NEW ORLEANS (AP) — With debris from last weekend's flash flood still piled up on sidewalks and their city under a state of emergency, New Orleans residents looked ahead warily on Friday to the prospect of more rain to tax the city's malfunctioning pump system.
The city scrambled to repair fire-damaged equipment at a power plant and shore up its drainage system less than a week after a flash flood from torrential rain overwhelmed the city's pumping system and inundated many neighborhoods.
Annie Hutchins says she's "traumatized" every time she sees clouds in the sky since an Aug. 5 flood. She had to walk through knee-high water to get to her house in the Treme neighborhood.
"It's a little bit unnerving that we were told everything was working, and the next day the story was a little bit different, and then the next day the story was a lot different," she said. "I'm the kind of person that trusts anyone until they prove otherwise. So, I don't feel like I have a lot of reason to trust what I'm being told anymore."
A control panel on one of two working turbines had been fixed by Friday morning, but the system remains well below full power, Mayor Mitch Landrieu said at a morning news conference. The turbine powers some of the city's pumps.
"We remain at risk until additional turbines are back up," Landrieu said, adding that he hopes that will happen by the end of the month. Still, he said, "Panic is not where we need to be right now."
He said the latest to go offline will be powered up over 24 hours. Meanwhile, Landrieu said, 26 generators have been ordered and will remain through hurricane season.
He also said a location was being set up Friday for residents to get sandbags should they want to take the extra precaution of sandbagging their homes.
Schools closed for the week, and the mayor urged residents to park their cars on high ground.
Gov. John Bel Edwards described his emergency declaration Thursday as a precautionary measure.
The National Weather Service forecast a 60 percent chance of rain Friday, primarily during the late morning and afternoon, with a chance that heavy rainfall could lead to more flooding.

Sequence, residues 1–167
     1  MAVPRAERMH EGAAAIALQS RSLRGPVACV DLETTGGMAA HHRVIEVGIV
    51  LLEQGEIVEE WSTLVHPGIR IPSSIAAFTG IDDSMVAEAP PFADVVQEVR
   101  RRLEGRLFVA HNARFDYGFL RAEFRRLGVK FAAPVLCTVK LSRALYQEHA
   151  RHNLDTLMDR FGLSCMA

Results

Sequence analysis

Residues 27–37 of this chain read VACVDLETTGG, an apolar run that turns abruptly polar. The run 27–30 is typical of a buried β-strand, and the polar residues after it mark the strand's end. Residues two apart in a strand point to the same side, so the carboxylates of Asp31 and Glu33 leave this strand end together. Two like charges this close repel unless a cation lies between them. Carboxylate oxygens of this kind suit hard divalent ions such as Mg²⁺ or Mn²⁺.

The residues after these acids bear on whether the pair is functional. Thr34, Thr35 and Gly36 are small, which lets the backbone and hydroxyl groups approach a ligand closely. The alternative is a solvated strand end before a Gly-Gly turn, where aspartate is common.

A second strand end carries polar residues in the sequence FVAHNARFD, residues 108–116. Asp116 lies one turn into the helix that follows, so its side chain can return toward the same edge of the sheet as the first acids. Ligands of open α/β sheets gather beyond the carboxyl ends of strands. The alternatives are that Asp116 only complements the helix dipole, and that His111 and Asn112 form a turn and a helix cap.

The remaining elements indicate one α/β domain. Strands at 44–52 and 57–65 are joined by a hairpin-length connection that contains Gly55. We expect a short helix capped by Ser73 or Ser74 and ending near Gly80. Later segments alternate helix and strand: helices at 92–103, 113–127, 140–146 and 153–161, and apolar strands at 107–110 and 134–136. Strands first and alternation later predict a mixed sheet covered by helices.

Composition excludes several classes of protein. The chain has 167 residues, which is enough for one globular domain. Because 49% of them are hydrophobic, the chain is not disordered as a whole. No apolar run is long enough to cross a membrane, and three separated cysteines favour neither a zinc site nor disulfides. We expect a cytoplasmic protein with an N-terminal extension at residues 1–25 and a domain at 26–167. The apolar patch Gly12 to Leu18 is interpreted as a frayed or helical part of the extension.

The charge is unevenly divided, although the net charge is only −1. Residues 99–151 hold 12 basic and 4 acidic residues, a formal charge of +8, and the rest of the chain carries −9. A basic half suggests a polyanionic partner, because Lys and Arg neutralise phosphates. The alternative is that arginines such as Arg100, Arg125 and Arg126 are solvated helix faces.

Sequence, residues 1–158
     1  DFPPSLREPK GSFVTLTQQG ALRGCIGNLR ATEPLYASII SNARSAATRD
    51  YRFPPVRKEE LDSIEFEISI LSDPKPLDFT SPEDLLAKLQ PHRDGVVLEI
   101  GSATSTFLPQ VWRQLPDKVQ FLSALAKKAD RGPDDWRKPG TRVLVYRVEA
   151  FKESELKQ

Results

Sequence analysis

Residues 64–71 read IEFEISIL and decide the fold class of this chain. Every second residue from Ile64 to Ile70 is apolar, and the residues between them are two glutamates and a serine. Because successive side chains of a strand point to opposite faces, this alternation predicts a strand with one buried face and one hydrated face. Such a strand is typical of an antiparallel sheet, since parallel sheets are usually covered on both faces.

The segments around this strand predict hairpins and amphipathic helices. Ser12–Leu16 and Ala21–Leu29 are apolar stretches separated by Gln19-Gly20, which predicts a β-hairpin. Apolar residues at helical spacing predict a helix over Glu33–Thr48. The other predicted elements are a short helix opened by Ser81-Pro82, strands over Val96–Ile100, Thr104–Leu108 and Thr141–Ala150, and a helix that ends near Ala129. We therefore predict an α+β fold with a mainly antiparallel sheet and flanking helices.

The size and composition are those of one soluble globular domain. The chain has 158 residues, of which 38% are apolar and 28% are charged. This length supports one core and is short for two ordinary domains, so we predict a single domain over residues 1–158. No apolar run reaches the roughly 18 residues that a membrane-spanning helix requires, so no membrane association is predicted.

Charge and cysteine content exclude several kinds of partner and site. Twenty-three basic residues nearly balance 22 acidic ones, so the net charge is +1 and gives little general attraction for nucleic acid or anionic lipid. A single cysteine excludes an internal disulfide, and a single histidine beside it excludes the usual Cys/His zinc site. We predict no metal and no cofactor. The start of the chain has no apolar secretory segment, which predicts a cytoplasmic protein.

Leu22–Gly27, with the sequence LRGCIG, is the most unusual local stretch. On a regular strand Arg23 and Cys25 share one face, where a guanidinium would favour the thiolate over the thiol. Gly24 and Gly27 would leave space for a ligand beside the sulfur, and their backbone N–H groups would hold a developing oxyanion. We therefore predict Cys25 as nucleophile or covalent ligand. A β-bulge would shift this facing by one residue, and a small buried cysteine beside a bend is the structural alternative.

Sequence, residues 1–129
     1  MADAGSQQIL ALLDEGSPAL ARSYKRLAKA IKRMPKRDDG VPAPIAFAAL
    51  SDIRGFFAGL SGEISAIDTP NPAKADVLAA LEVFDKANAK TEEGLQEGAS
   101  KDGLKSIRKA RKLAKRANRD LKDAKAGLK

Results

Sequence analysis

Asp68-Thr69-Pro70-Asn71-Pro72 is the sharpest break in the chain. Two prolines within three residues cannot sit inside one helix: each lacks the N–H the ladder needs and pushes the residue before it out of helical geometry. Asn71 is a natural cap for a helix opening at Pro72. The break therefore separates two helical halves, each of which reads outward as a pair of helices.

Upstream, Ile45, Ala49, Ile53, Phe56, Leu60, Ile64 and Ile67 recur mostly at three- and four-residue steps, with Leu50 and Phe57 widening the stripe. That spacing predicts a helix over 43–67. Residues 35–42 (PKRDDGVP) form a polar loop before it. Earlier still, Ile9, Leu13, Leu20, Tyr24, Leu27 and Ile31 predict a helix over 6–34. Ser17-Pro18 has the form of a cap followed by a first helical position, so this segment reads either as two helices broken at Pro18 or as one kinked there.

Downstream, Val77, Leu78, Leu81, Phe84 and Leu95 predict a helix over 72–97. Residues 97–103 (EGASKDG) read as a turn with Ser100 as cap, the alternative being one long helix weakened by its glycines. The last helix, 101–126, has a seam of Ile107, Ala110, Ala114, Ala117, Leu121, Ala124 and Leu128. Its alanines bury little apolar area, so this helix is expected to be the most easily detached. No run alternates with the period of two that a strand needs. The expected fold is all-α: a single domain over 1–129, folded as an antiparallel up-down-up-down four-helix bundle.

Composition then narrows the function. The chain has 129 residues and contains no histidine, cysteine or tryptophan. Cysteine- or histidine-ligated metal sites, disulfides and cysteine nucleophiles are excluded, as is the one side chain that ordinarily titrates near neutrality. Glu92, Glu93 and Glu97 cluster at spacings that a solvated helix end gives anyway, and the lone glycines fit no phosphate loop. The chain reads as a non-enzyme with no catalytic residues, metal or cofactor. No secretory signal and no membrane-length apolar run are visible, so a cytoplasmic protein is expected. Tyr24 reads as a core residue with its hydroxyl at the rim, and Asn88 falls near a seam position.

The city's infrastructure had been crumbling for years before the devastation unleashed in 2005 by levee breaches in Hurricane Katrina's aftermath. The federal government earmarked billions of dollars for repairs and upgrades after the hurricane, but the problems have persisted.
Streets are pockmarked with potholes and sinkholes. The city's water system has been plagued by leaks from broken pipes and power outages leading to boil water advisories.
New Orleans' municipal pumping system is supposed to move water out of the low-lying city. Having the system crippled in August, the middle of hurricane season, could not come at a worse time for New Orleans.
But officials feared that even a common thunderstorm would test the system's reduced capacity.
"With great prayer and a lot of hard work, hopefully we'll be OK," the mayor said.
Earlier this week, city officials and spokespeople had said repeatedly that all 24 pumping stations were working at full capacity.
But the system failed to keep up with a storm that dropped 9.4 inches (24 centimeters) of rain in three hours. While that was considerably more than the system is designed for, even when everything is working, it turned out the system was malfunctioning.
City Council members were then told that pumping stations in two of the hardest-hit areas went down to half to two-thirds capacity Saturday, news outlets reported.
"It is unacceptable that the public was not only uninformed, but misinformed as to our drainage system functionality during the flood," Council Member LaToya Cantrell said in a statement.
Cedric Grant, one of the mayor's top deputies and head of the Sewerage & Water Board, told the City Council on Tuesday that he would retire at the end of hurricane season, which lasts through November.
Public Works Director Mark Jernigan submitted his resignation shortly after the council meeting, when he was asked whether his agency had done enough to clean the catch basins that feed the drainage system.
Associated Press writer Michael Kunzelman reported from Baton Rouge, Louisiana.